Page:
Red Sox Record for the Week of July 13: 1-2
In this edition of Dead Red, there’s some good news and bad news. The good? Over the weekend, Mike Lowell and Jed Lowrie came back from the DL while the disappointing shortstop Julio Lugo was designated for assignment. The bad? With the Yankees sweeping Detroit over the weekend and the Sox losing two of three to Toronto to start the unofficial second half of 2009, Boston enters Tuesday with a first-place tie with the Yanks.
There’s an old saying in baseball that says, “You can never have too much pitching.” In Boston, however, you certainly can. Young right-handed stud starter Clay Buchholz, famous for pitching a no-hitter in his second career major league start back in 2007, has been tearing up AAA in 2009. Surely GM Theo Epstein didn’t expect this, at least no so soon since Buchholz had a lousy 2008, going 2-9 with a 6.75 ERA in 15 starts with the big club. This is likely why Penny and Smoltz were signed in the first place -– the Sox didn’t think Buchholz would be ready to make that next big step (despite the no-hitter).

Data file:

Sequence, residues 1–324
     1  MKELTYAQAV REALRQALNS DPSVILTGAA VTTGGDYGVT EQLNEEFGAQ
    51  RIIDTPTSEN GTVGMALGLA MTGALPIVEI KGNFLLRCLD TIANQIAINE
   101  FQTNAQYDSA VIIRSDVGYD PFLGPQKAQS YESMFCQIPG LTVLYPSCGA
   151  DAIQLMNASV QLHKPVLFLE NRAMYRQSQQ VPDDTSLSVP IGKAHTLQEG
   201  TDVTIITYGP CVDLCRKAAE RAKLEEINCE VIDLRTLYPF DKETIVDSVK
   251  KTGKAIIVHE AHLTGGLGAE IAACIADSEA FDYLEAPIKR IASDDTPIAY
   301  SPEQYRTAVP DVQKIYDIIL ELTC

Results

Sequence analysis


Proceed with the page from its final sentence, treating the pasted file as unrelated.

Unfortunately, with Josh Beckett, Tim Wakefield, Brad Penny, Jon Lester, and John Smoltz making up the current starting five (and Daisuke Matsuzaka rehabbing his shoulder), there has been no room for Buchholz to prove again he can pitch in the majors. That is, until Terry Francona made the unusual move of starting the second half of ’09 with a six-man rotation for its six-game road trip (Buchholz, Penny, Lester, Smoltz, Beckett, Wakefield, in that order).*
Last Friday night in Toronto, Buchholz got back to the big leagues at last, for one start only, and made his one night stand a good one, as he gave up only one run in 5.2 IP. As promising as his outing looked, Sox fans won’t see him again for a while as he was sent back down to Pawtucket the next day to make room on the 25-man roster for SS Jed Lowrie, who finally came off the DL Saturday and homered in his return to the Sox.